I have loved Moulin Rouge! since I was a kid. I remember watching it with my mom and falling in love with Satine’s red dress. I remember watching it with my best friends time and time again to the point where if you give me a scene, I can probably still quote it from memory. So, when the announcement came that it was coming to Broadway, I had reservations.
All those reservations went out the door the minute I sat in the Al Hirshfield theater and was a part of Moulin Rouge like never before. I was lucky enough to have a friend who won the online lottery for the show, nabbing us the Can-Can seats. What I didn’t know was that meant that I would literally be part of the stage and be danced around as Christian and Toulouse were in the film.
The basic plot of both the movie and the musical are the same: Christian (Aaron Tveit) is a penniless writer who moves to France to be immersed in the ideals of the Bohemians, to live under the ideals of Freedom, Beauty, Truth, and Love. There, he meets Toulouse (Sahr Ngaujah) and Santiago (Ricky Rojas). The two are working on a musical together and Christian is to be their composer, his love songs something so beautiful that they want the world to hear them. The love song that convinces them? A hodge-podge of “I Don’t Want to Wait” by Paula Cole, “Every Breath You Take” by The Police, and “Never Gonna Give You Up” by Rick Astley. Yes, we got Rick Rolled.
From there, Christian ends up falling in love with the Sparkling Diamond of the Moulin Rouge, Satine (Karen Olivo), despite her connection to the Duke (Tam Mutu), who is financing the musical that Christian is putting on with the other Bohemians. And then, a love triangle is formed, which is different from the film because, surprisingly, you want to like the Duke in the musical. It probably helps that he’s … very attractive.
The climax of the show falls into the same beats as the movie. Satine realizes she’s dying of consumption, thrust into a world of trying to live her truth while still trying to save her family at the Moulin Rouge from being left to the streets if she leaves the Duke. Before the show goes on, Satine decides that she’s hurt Christian enough with their love affair behind the Duke’s back and decides that she has to end their relationship, which leads to Christian singing the entire “El Tango De Roxanne” himself, and let me tell you, it is certainly a time. (Aaron Tveit cries throughout this entire song, so I cried and was also on a mental journey so please experience this.)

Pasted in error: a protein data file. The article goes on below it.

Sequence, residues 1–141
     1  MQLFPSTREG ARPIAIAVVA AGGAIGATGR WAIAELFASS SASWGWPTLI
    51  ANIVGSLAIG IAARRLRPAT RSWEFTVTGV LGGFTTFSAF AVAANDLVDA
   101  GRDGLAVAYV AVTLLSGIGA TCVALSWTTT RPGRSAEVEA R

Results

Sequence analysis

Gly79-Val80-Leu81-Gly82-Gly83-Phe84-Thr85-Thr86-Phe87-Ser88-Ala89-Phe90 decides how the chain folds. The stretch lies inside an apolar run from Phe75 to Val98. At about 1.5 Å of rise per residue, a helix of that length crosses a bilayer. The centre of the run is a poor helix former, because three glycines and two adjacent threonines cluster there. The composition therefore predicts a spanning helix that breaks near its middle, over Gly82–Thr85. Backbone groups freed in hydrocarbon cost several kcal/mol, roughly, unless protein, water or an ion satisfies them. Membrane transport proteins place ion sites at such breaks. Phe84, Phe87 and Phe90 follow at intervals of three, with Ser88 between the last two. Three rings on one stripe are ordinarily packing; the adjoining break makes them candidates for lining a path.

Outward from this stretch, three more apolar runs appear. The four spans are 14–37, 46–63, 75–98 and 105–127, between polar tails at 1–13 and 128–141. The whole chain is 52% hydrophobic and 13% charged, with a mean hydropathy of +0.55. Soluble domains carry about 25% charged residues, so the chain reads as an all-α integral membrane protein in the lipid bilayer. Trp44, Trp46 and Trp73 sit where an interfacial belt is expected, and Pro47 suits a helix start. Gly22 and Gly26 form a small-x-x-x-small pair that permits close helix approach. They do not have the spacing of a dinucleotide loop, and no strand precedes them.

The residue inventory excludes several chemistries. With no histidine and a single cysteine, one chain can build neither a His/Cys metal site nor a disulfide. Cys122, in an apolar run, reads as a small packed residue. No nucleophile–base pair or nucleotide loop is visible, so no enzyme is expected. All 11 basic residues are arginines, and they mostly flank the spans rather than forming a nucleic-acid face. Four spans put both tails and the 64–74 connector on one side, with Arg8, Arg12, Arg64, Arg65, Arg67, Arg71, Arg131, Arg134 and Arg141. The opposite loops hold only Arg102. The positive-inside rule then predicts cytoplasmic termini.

Much like the movie, Christian and Satine realize the two love each other enough that nothing else matters (which is easy for Satine to say, since she’s dying), and thus, she dies in his arms after they finish their performance of their musical, because all she wanted was for the world to know Christian’s love songs. So, instead of the music just being part of the story as it was in the movie without it being about his music, the musical makes a choice that Satine goes on and gets the show up and going so that the world can experience the love she felt as Christian sang these songs. It’s poetic in a new way that brought meaning to the wild amount of mashups throughout the production.
Dancers and actors swarmed around me, singing songs and sharing in the love story of Satine and Christian like I’d never seen before, and I sobbed while watching Satine long for her own freedom. (She sings this through Katy Perry’s “Firework,” so yes, I cried to “Firework,” and I have no shame about that.)
The show did make changes from the Baz Luhrmann classic. The Duke? A hot man who wants Satine to love him for himself and his money, and who appears in a lilac top hat at one point that had me saying, “You’ve got to be kidding me,” out loud. But what really struck me was the idea that neither of these men truly loved Satine. They loved specific ideas of her, and Satine, for all that she was, was still trying to find herself while struggling with her illness.
I felt a part of the show, in the thick of it all and thriving as one of the patrons of the Moulin Rouge, and I felt like everything I wanted to experience about this show was given to me and so much more. Is it maybe because it’s based on one of my favorite movies? Most definitely, but I loved watching a renewed version of Satine and Christian’s story come to life before my eyes, and if I could afford it, I’d be at the theater time and time again.
Sure, not everyone is going to experience this show from the Can-Can seats (and I’m extremely grateful to the lottery system for this show for giving us these seats) but that magic is something I will hold dear to me for a very long time.
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